New rules were put out to consultation today which would ban local councils from producing publications that compete with independent local newspapers.
The proposals put forward by Communities Secretary Eric Pickles today pay scant regard to a series of recommendations made by MPs last month which poured cold water on his plans to curb council-run newspapers and magazines.
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In recent years local newspapers in many parts of the UK have found themselves competing for advertising and readers with local authority-published titles, which in some cases come out monthly, fortnightly or even weekly.
The new rules outlined today state that only parish councils could produce monthly magazines, with other councils limited to quarterly frequency.
Pickles said: “An independent local press is an essential part of our open democracy and it is a vital part of local accountability, but the rules around council publicity have been too weak for too long squandering public funds and pushing local newspapers out into the abyss.
“Some councils have pushed this to the limits and were effectively lobbying on the rates.
“The changes will end the weekly town hall freesheets, stop professional lobbyists being hired and make advertising guidelines crystal clear so councils know exactly when misuse of public funds is a breach of the code.
“Councils need to give due diligence to their communications operation and make sure every effort has been made to focus taxpayers’ money to where it should be spent – protecting frontline services.”
The revised Code of Recommended Practice on Local Authority Publicity includes seven new central principles designed to ensure council publicity is “lawful, cost effective, objective, even handed and appropriate, and that it has regard to equality and diversity and is issued with care during periods of heightened sensitivity”.
The section on publications states: “Local authorities should not publish or incur expenditure in commissioning in hard copy or on any website, newsletters, newssheets or similar communications which seek to emulate commercial newspapers in style or content.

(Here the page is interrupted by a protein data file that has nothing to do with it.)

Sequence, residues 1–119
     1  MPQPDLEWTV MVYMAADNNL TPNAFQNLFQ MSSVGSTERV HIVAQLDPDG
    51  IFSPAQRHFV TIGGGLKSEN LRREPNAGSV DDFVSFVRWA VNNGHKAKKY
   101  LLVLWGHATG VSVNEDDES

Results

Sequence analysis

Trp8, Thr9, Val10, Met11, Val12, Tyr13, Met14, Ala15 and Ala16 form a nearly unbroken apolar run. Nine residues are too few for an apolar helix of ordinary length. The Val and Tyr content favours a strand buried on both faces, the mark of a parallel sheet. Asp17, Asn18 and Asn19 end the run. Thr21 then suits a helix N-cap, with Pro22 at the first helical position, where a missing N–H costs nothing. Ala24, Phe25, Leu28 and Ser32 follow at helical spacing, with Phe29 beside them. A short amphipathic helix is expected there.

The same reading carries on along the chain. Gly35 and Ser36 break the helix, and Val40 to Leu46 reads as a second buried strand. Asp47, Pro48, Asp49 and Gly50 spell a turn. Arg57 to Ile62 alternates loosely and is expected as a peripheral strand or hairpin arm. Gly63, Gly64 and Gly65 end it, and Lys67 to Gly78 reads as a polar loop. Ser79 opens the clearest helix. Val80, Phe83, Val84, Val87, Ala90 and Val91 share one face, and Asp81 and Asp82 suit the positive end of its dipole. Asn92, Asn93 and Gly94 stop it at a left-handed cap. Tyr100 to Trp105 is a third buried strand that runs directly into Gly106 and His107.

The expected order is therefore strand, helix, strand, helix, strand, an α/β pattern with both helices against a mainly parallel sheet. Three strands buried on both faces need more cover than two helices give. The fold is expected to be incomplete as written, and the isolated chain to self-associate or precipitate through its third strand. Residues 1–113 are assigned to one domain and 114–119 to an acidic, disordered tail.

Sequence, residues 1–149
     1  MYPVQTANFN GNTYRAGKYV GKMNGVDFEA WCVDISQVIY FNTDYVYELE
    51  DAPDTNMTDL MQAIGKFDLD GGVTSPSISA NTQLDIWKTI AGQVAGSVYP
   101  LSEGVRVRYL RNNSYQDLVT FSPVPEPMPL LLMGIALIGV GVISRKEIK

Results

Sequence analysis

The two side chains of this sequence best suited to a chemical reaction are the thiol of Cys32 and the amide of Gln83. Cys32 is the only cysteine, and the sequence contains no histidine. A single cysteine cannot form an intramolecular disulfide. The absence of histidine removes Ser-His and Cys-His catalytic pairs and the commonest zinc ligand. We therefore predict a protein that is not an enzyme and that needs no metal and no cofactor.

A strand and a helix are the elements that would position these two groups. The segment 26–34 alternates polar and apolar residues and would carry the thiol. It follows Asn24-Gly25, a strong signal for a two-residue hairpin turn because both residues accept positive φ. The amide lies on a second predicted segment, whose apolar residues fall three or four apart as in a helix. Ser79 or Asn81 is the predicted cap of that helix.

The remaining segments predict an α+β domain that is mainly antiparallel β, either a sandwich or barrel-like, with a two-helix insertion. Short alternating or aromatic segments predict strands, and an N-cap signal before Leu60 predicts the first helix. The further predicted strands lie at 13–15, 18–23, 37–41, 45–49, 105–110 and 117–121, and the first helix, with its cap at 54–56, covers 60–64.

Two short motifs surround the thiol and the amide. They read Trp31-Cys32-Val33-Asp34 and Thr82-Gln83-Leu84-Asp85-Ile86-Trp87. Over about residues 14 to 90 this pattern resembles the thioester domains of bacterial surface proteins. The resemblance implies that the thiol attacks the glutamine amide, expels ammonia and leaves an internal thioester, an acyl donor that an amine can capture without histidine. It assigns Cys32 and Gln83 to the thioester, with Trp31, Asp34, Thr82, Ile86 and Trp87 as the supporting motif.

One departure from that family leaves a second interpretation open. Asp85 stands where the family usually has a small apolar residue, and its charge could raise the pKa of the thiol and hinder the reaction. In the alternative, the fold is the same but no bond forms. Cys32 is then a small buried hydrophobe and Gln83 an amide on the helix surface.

“Where local authorities do commission or publish newsletters, newssheets or similar communications, they should not issue them more frequently than quarterly, apart from parish councils which should not issue them more frequently than monthly.
“Such communications should not include material other than information for the public about the business, services and amenities of the council or other local service providers.”
The new code was laid before Parliament today. Pickles said it would come into force “as soon as possible” following a debate in each house.
These planned changes come despite the Commons Local Government Select Committee last month questioning a number of provisions previously put forward by Pickles to crackdown on ‘Town Hall Pravdas’which threaten the viability of independent local press.
Pickles outlined his intention to stop council taxpayers’ money being spent on “frivolous town hall propaganda papers” last year. However, MPs said his proposals had “potentially negative implications for local democracy”.
Publishing a report that examined the Government’s draft Code of Recommended Practice on Local Authority Publicity, the Committee called on the Government to commission an independent inquiry to quantify the impact of council papers on the independent press – a plea which seems to have now been ignored.
Responding to today’s proposals, the National Union of Journalists condemned a move which it said could lead to many journalists working on local authority publications losing their jobs.
Jeremy Dear, general secretary of the NUJ, said: “Today’s announcement is undemocratic and perverse and shows what a sham the consultation really was.
“The committee found no evidence to back up Eric Pickles’ wild assertions. It called for a fair and independent assessment of the impact of such publications on local newspapers. Eric Pickles has chosen not to deal with the facts but to display gross ignorance and bias.”
Baroness Margaret Eaton, chairman of the Local Government Association, said: “If the Department for Communities and Local Government was truly committed to localism it would not be introducing draconian rules dictating to councils how often they are allowed to share information with residents.
“It is extremely disappointing that ministers have failed to make any significant amendments to the code following consultation, and appear to have ignored the advice of their own MPs.
“Newsletters delivered to people’s homes have consistently proved to be the cheapest way for councils to directly communicate with residents and keep people informed about local services.
“The Communities and Local Government select committee found there was scant evidence of council publications competing unfairly with local newspapers.
“Most are distributed between four and six times a year and pose no threat to the local press, on whom the growth of the internet has had a far greater impact.
“It is extraordinary that Government ministers have chosen to ignore this and take such a heavy-handed approach. Not only are these rules completely unnecessary, but they have the potential to harm local democracy and drive up the amount of money councils will have to spend on advertising to fulfil their legal requirements.
“We strongly agreed with the Communities Secretary when he said in one of his first speeches that no-one working in local government signed up to be told what to do for the rest of their lives by Whitehall.”